Prices for borey homes have increased around 10 to 20 per cent in the first quarter of this year compared to the same period of last year, according to a study conducted by World Trust Estate.
Up until the first trimester of this year, the study included houses that where at least two-stories high. The price of those houses was based on the type of housing such as flats, shop houses, twin villas and single villas.
As the reason to why single villas sold slowly, the study cited that the price range exceeded the majority of potential homeowner’s financial capability.
Yet, despite slow villa sales, prices picked up 10-20 per cent on average.
But why is that so? Post Property asked borey developers and property experts about what caused the increase.
Dr Penghong Socheat Kemro, general director of the housing department of the Ministry of Land Management Urban Planning and Construction, said that last year’s demand for new housing in Cambodia was around 10,000 to 20,000 units. This increase was due mostly to young, newlywed couples who started families in their own homes.
Chhay Sina, head of marketing and sales in Borey Vimean Phnom Penh, said prices went up because designs were more attractive while developers grew a reputation for quality.
She continued that “trusted and better infrastructure helps increase the sales gradually,” while “paying attention to good quality of building and house design also share a part in [the increase].”
Despite higher prices Chhay’s company increased sales 15 to 20 per cent in the first quarter of this year compared to the same period of last year.
Nget Piseth, a director’s assistant at Borey New World, added that it was not only new couples, but a growing economy that added to the price increase. He repeated the notion that boreys have faced problems keeping prices stable. “I cannot expand into new projects because land prices have increased,” he said.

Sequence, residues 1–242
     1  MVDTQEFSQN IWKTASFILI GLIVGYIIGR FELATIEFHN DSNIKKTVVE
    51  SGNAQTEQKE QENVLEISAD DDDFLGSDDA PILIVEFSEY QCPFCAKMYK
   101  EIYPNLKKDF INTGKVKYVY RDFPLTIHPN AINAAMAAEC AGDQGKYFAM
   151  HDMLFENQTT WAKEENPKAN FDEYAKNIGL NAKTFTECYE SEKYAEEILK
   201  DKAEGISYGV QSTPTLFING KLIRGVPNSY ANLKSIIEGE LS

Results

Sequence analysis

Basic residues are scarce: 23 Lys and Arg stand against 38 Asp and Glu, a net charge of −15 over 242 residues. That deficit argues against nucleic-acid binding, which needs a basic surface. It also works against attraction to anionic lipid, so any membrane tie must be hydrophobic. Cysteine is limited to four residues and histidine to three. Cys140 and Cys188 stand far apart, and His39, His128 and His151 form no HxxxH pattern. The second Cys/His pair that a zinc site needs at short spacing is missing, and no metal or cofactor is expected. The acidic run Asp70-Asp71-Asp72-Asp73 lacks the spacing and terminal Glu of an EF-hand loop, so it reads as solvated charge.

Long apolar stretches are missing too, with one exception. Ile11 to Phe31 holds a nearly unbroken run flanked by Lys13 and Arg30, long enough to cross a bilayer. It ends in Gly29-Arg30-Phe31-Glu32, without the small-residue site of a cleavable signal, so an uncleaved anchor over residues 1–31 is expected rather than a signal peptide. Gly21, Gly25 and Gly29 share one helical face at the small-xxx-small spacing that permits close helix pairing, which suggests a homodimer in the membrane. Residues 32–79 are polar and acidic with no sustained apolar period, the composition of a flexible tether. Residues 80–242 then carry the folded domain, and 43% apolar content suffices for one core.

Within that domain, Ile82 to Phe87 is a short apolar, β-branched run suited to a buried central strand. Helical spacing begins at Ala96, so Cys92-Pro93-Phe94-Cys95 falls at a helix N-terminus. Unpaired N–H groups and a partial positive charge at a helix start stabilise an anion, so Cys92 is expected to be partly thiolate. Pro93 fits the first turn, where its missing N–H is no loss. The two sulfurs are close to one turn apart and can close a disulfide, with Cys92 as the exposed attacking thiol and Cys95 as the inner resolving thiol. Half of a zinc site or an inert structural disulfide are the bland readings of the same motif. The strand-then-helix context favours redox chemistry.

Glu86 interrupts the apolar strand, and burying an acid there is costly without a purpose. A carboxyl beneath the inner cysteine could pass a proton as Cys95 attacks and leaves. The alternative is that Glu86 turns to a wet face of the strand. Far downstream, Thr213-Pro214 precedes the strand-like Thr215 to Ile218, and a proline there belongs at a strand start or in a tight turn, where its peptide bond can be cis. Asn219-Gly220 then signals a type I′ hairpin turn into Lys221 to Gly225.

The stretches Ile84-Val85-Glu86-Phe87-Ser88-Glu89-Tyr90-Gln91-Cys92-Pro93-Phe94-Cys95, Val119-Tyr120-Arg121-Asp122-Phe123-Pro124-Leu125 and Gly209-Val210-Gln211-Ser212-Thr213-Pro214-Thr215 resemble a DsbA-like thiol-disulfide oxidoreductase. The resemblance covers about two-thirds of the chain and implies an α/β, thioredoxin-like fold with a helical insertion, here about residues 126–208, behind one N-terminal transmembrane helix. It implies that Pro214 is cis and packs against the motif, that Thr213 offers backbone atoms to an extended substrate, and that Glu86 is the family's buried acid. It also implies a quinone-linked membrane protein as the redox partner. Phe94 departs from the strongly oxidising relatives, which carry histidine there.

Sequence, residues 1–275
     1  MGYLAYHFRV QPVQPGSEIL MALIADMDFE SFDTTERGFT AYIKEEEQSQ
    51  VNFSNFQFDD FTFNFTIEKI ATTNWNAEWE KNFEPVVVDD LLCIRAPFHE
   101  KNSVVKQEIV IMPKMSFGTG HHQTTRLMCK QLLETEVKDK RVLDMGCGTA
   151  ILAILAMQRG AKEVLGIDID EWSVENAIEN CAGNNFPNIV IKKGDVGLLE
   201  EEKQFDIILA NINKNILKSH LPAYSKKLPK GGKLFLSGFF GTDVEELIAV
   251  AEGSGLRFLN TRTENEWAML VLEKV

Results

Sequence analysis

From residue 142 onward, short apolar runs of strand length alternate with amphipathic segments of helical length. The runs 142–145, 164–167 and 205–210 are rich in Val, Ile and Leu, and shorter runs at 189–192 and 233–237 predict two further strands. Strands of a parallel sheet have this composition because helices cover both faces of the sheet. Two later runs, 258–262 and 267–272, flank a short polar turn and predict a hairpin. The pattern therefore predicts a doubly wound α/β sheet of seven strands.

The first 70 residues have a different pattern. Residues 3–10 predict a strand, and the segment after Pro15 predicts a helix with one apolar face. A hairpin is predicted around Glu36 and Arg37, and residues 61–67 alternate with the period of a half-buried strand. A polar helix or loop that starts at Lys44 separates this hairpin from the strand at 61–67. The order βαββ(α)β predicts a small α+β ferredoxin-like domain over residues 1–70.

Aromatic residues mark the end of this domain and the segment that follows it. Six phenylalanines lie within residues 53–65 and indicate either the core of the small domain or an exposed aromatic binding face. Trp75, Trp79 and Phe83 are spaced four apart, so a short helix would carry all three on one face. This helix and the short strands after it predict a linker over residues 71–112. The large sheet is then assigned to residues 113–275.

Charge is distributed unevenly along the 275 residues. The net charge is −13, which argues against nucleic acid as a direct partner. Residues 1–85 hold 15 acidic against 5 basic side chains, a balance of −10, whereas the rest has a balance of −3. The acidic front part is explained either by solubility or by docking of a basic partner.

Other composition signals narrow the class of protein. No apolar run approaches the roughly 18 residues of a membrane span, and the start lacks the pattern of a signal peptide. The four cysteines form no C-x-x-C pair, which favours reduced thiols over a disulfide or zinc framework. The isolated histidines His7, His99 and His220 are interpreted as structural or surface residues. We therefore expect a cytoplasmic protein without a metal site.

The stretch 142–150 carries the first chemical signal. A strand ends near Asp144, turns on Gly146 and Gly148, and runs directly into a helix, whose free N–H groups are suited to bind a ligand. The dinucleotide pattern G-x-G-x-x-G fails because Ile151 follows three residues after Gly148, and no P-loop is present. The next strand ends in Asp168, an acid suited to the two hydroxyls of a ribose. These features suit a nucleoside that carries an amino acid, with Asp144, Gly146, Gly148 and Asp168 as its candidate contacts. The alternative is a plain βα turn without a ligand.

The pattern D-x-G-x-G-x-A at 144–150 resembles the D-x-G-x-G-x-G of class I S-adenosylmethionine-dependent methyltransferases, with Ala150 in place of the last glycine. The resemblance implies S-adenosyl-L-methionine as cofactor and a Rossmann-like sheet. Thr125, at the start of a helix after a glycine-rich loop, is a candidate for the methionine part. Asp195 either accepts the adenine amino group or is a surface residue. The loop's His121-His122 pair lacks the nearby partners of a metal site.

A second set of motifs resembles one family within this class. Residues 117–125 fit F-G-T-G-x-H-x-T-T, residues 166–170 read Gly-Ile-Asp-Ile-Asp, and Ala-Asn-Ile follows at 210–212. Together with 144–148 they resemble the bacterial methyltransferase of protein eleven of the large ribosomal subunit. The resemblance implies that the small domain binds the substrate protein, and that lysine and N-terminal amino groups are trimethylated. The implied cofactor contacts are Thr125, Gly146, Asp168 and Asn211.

Construction material more expensive
Teng Rithy, a general manager of Borey Town said the sale prices in Borey Town slightly increased this year because the company faced some problems as sand prices surged (Post Property reported), as well as the prices for stone and steel.
En Sitha, deputy general director of World Trust Estate, told BTV, that prices for housing were also picking up because getting a bank loan had become much easier (Post Property reported). Sitha also added the financial sector was greatly encouraging the development of real estate.
He added that people’s increasing income obviously had an effect on borey homes becoming more expensive as well.
Despite all the reasons that allowed prices to go up, Seng Bunna, general director of Bunna Realty Group, agreed with the statement that the growing economy and easier access to finance affected borey prices. He pointed out, however, that borey projects mostly focus on higher middle class citizens and the actual number of those who could afford borey housing was still much lower than perceived. Wishing for a downshift in the market, he told Post Property that constructing housing for lower- middle class and even lower class citizens would be a good idea because many more people actually fell into that category.